A laminate is prepared as in Example 5 except that a liquid insulation coating 21 comprising a porous clay coating of 2 mils thickness is applied by roll coating over the interactive metal layer 26 and is then dried to provide heat insulation and to reflect infrared radiation inwardly. This laminate retains heat better than Example 5 and the food will reach a higher temperature when heated in a microwave oven.
A 60-pound per ream supercalandered kraft paper is coated directly with a vacuum electro-deposited semiconductive layer of aluminum. When heated in a microwave oven with food adjacent to the coated sheet, arcing is minimal. In a second sample, a coating of a silicone resin is applied before vacuum coating. In a third sample a baking alkyd as described in Example 4 is substituted for the silicone resin coating.
Many variations of the invention within the scope of the appended claims will be apparent to those skilled in the art once the principles described herein are understood.
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|EP0496130A2 *||5 Dec 1991||29 Jul 1992||THE PROCTER & GAMBLE COMPANY||Microwave susceptor incorporating a coating material having a silicate binder and an active constituent|
|EP0496130A3 *||5 Dec 1991||30 Sep 1992||The Procter & Gamble Company||Microwave susceptor incorporating a coating material having a silicate binder and an active constituent|
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|U.S. Classification||428/323, 428/414, 219/730, 428/425.1, 428/408, 428/918, 428/481, 219/113, 428/702, 428/464, 428/514, 428/452, 426/127, 428/511, 428/530, 219/759, 426/113, 383/116, 428/34.3, 427/383.1|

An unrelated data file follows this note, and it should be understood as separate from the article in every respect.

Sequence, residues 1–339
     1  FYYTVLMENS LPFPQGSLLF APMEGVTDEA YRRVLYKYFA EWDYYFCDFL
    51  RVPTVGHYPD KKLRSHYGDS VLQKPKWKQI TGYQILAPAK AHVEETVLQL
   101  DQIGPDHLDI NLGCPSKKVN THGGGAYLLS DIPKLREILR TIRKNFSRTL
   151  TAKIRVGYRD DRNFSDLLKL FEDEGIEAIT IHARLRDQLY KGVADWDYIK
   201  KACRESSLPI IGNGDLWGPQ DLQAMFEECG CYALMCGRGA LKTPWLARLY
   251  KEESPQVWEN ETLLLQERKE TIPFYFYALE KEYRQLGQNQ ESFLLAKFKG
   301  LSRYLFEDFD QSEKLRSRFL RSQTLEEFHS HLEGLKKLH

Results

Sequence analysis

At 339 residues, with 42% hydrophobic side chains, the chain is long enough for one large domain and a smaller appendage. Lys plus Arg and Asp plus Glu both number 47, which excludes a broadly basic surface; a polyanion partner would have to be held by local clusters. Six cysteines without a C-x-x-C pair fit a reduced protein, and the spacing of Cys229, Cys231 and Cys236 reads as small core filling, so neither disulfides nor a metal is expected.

|International Classification||B65D30/08, B32B7/02, B65D81/34, B65D65/40|
|Cooperative Classification||Y02W90/11, Y10T428/31895, Y10T428/31906, Y10T428/31515, Y10T428/31591, Y10T428/3179, Y10T428/31703, Y10T428/31964, Y10T428/1307, Y10T428/25, Y10T428/30, Y10S428/918, B65D2581/3472, B65D2581/3478, B65D2581/3464, B65D31/02, B65D81/3446, B65D2581/3477, B65D2581/3483, B65D2581/3494, B65D2581/3448, B65D2581/3479|
|European Classification||B65D81/34M, B65D31/02|
|27 Jun 1988||AS||Assignment|
Owner name: GOLDEN VALLEY MICROWAVE FOODS, INC., 7450 METRO BO
Free format text: ASSIGNMENT OF ASSIGNORS INTEREST.;ASSIGNORS:WATKINS, JAMES D.;ANDREAS, DAVID W.;COX, DAVID H.;REEL/FRAME:004894/0525
Effective date: 19880622
Owner name: GOLDEN VALLEY MICROWAVE FOODS, INC., STATELESS
Free format text: ASSIGNMENT OF ASSIGNORS INTEREST;ASSIGNORS:WATKINS, JAMES D.;ANDREAS, DAVID W.;COX, DAVID H.;REEL/FRAME:004894/0525
Effective date: 19880622
|29 Sep 1994||FPAY||Fee payment|
Year of fee payment: 4
|9 Oct 1998||FPAY||Fee payment|
Year of fee payment: 8
|30 Dec 1998||AS||Assignment|
Owner name: CONAGRA, INC., (A DELAWARE CORPORATION), NEBRASKA
Free format text: ASSIGNMENT OF ASSIGNORS INTEREST;ASSIGNOR:GOLDEN VALLEY MICROWAVE FOODS, INC.;REEL/FRAME:009662/0974
Effective date: 19961112
|16 Sep 2002||FPAY||Fee payment|
Year of fee payment: 12